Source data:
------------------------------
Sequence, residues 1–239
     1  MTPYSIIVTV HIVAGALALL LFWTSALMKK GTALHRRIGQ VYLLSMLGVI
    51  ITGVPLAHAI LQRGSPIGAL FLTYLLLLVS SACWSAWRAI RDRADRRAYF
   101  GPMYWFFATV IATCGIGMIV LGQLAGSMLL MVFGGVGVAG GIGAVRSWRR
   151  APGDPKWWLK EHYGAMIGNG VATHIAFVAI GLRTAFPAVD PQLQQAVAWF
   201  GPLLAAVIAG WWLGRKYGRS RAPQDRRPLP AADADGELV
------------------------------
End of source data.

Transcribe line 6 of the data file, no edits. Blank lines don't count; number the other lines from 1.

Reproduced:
   201  GPLLAAVIAG WWLGRKYGRS RAPQDRRPLP AADADGELV